RE: The 'user' in User Manual

Subject: RE: The 'user' in User Manual
From: "Sarah Bouchier" <Sarah -dot- Bouchier -at- exony -dot- com>
To: "Techwr-l" <techwr-l -at- lists -dot- techwr-l -dot- com>
Date: Mon, 5 Feb 2007 18:28:29 -0000

>Please cite the message where, as you say, I said "Don't use 2nd person
>voice." I said to not use "you" and that is in 2nd person voice. The
>original discussion is about the use of the word "you" if you will

I believe that the only point Richard is trying to make here is that
while the word 'You' is not present in the second person imperative, the
second person imperative is still, fundamentally, in the second person.
You may be taling at cross-purposes.

In the course of this discussion we have ended up talking about grammar;
it's therefore useful to use the grammatical terms people know. There
is nothing +wrong+ with using alternative, but this discussion has just
proved what all technical authors already know; using nonstandard terms
is a fruitful source of confusion.

>I continued to say that it is best to take a neutral stance in
>documentation. Neutral means that neither the author or the audience
is in
>the document.

Nobody has suggested that 'neutral stance' is undersirable. All that
has been said is that the 'neutral stance' of which you speak is better
known as the imperative; specifically, the second person imperative.
The 'you' is not spoken, but it is implied; the 'neutral' phrase 'Use no
pronouns!' does not mean 'He must use no pronouns' or 'I must use no
pronouns'; it means that the person being spoken to must use no

This is worth knowing, since some readers may experience slight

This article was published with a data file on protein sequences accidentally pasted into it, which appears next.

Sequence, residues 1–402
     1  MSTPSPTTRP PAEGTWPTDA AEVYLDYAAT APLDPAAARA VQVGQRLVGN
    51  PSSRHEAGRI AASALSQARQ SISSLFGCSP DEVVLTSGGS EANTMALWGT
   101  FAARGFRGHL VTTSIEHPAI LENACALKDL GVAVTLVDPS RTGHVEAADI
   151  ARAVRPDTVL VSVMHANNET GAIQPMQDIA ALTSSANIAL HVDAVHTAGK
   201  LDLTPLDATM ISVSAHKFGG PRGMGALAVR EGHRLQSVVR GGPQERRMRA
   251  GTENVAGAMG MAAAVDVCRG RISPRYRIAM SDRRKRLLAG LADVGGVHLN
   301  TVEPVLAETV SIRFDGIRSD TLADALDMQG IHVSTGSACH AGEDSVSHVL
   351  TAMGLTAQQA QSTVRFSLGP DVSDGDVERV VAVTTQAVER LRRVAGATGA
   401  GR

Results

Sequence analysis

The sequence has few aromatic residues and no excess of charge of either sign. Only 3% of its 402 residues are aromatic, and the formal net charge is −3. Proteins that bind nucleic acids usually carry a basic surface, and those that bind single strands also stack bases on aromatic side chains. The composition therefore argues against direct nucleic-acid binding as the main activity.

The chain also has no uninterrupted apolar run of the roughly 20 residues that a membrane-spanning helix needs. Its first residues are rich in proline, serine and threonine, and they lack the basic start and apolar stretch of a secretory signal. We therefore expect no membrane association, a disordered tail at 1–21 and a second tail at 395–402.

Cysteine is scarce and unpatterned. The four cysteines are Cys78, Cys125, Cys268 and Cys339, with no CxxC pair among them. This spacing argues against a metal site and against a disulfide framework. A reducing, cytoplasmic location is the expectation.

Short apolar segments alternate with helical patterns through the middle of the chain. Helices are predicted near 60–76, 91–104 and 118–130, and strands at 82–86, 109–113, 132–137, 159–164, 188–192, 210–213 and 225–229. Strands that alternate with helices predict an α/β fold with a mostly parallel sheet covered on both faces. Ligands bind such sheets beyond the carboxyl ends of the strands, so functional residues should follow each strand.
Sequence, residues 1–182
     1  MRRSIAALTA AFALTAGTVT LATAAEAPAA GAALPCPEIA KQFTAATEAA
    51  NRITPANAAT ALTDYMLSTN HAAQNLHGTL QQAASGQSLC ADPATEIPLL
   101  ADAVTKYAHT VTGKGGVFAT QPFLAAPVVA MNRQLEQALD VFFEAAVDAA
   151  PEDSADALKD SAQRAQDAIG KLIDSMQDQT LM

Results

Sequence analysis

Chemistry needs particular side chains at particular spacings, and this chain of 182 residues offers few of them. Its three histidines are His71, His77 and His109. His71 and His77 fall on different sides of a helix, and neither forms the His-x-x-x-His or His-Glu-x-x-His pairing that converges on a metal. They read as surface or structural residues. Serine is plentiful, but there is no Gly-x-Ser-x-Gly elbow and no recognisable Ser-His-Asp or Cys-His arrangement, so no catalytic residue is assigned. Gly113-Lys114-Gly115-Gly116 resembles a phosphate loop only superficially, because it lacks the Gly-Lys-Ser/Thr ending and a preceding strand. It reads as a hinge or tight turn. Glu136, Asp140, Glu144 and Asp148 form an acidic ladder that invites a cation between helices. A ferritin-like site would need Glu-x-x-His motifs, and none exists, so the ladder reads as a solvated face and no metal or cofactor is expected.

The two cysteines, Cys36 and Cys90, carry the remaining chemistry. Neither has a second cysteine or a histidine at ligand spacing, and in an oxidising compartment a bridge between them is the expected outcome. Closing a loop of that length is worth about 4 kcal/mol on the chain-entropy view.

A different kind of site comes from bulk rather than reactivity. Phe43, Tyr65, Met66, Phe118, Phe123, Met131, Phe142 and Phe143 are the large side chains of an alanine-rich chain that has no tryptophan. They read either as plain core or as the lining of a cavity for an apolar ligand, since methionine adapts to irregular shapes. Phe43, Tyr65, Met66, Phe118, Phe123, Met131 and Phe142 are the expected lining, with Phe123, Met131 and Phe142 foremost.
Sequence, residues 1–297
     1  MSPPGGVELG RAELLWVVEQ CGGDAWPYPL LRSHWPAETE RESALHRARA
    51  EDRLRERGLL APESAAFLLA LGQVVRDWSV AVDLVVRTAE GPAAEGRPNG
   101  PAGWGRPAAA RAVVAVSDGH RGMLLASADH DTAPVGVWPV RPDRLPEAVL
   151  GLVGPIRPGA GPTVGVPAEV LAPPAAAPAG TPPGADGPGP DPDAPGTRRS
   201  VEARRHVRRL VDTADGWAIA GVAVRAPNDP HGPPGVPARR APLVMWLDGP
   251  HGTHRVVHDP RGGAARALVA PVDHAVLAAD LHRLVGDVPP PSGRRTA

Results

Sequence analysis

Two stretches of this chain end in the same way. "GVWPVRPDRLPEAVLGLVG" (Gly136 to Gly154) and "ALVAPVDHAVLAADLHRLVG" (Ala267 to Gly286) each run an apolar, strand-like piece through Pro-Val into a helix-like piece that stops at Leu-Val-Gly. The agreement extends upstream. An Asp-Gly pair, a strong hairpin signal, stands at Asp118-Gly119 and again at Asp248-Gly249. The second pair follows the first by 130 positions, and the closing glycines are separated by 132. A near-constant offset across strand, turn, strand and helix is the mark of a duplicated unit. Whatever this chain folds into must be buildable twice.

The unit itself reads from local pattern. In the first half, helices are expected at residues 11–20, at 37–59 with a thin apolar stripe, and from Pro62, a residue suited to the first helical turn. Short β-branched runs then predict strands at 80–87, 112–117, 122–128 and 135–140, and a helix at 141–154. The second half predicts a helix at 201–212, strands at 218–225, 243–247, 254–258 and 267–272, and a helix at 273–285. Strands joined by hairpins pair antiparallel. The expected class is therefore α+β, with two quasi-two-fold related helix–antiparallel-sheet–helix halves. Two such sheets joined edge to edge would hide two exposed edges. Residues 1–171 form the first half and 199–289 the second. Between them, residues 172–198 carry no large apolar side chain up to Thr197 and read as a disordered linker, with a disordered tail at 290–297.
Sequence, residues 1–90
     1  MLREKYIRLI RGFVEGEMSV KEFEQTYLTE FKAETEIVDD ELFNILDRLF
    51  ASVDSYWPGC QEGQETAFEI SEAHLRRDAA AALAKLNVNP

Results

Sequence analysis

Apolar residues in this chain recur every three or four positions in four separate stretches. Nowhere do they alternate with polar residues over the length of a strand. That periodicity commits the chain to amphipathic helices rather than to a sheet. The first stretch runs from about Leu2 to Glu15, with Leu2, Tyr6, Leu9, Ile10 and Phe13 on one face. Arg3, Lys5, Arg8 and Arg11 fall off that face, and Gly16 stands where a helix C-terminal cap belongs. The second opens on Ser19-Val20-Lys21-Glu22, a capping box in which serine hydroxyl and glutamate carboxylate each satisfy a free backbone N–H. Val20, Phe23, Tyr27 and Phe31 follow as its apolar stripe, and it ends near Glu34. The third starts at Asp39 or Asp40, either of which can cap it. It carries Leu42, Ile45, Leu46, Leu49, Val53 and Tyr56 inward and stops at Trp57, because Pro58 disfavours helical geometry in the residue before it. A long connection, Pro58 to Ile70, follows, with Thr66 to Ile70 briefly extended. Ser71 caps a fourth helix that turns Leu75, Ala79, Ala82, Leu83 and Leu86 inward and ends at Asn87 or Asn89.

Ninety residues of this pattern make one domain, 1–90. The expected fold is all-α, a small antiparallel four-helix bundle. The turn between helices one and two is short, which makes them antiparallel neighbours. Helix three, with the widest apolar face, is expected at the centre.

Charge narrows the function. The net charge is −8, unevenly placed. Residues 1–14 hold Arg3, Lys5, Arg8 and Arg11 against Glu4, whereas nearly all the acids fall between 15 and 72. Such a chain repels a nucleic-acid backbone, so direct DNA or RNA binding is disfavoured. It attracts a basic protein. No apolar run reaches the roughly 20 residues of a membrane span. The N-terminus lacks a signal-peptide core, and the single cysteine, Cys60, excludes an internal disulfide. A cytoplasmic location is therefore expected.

cognitive dissonance if they are directly addressed using the imperative
during parts of the manual, but then spoken about in the third person
('...the user will notice slight confusion...') during other parts.

Of course, if you can keep from mentioning the user entirely that's
another thing entirely, but I've come across a few occasions when I
can't actually do that without rewording the part in question to be a
lot less clear.

> That means no "I," "You," "He," "She," "the User," etc.
>should be in the document.

It's a theory I've tried to follow, but I've been unable to manage it in
all situations. I'd appreciate any tips from those who fare better than
I :)

> Without specifying a direction toward author or
>audience, the document is neutral.

What do you mean by 'without specifying a direction'? The way I think
of it, in a document saying 'click the pretty shiny button' there is
plainly a direction; the document/author is telling me to do things. I
don't think I can be understanding what you mean; can you clarify?

> I really never expected neutrality to be seen as a new concept.

Avoiding the use of pronouns and pronoun-substitutes in a document is a
pretty old concept. But that is all your 'neutral stance' (the
imperative) is; it is simply a form of the second person in which the
persons are implied rather than actively spoken.

(Who hopes she is understanding correctly)

Sarah Bouchier
Technical Author


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RE: The 'user' in User Manual: From: Lauren

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